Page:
The forced migration is one of the key issues in the history of the Ottoman Empire and the Turkish Republic.
Nevertheless, the treatment of the issue has predominantly adhered to state-centered and nationalist outlook, especially in the evaluation of forced migration in the late Ottoman and early Republican eras. In explaining the Armenian deportations and massacres, for example, representatives of such an outlook highlight security concerns and abstract the events from their social, political, ideological and economic milieu. Instead of historicizing and comparing the Turkish case with other cases, they focus on the nationalist activities of the minority leaders, who were perceived as ‘fifth-columnists’ by those who took the decision to deport the minority population. Studies of this kind are usually dominated by a narrow empirical method. Among the continual aspects that can be traced between these two periods, the ‘Turkification’ of social, economic and cultural life is preeminent. In this respect, the founders of the Turkish nation-state inherited a legacy from the previous period that would shape both their mentality as well as practices in ‘nationalizing’ Turkey. One of the salient features of the Kurdish and Armenian Genocide is the forcible transfer of children and women from an Armenian to a Muslim/Turkish identity. Forced migration is central theme of history. Temporally, it can be observed from ancient times to the present era ; spatially, it is possible to view it in several geographies.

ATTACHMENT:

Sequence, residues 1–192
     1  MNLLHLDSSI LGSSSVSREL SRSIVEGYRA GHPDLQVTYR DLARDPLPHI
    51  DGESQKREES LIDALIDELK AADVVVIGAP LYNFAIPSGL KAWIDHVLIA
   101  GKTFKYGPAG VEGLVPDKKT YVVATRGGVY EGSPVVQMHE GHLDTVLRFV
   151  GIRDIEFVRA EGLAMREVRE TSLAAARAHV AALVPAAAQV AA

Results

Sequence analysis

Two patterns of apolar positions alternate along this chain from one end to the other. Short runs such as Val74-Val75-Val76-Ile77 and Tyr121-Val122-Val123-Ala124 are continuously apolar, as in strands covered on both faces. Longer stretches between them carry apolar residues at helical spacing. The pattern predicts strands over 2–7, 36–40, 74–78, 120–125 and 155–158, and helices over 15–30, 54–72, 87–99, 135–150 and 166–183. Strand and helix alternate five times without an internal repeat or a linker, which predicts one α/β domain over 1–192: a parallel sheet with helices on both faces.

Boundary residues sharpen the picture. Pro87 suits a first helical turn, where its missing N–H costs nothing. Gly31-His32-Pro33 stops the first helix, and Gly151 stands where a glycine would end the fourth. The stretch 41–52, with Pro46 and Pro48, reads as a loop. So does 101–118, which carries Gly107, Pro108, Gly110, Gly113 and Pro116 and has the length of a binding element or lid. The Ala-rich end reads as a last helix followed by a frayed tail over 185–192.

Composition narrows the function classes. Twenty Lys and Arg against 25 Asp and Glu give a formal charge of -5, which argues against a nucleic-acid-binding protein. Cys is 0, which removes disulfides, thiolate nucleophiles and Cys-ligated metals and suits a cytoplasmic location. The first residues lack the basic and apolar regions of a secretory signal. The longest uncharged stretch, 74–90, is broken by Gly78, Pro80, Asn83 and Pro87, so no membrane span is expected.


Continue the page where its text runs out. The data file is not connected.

Though demographic engineering, in the wide sense of state intervention in population figures (in its composition, distribution and increase/decrease) can be used to denote the manipulation of population composition throughout history, its close association with ethnicity, nationalism, and the nation-state makes it appear as an essentially modern phenomenon.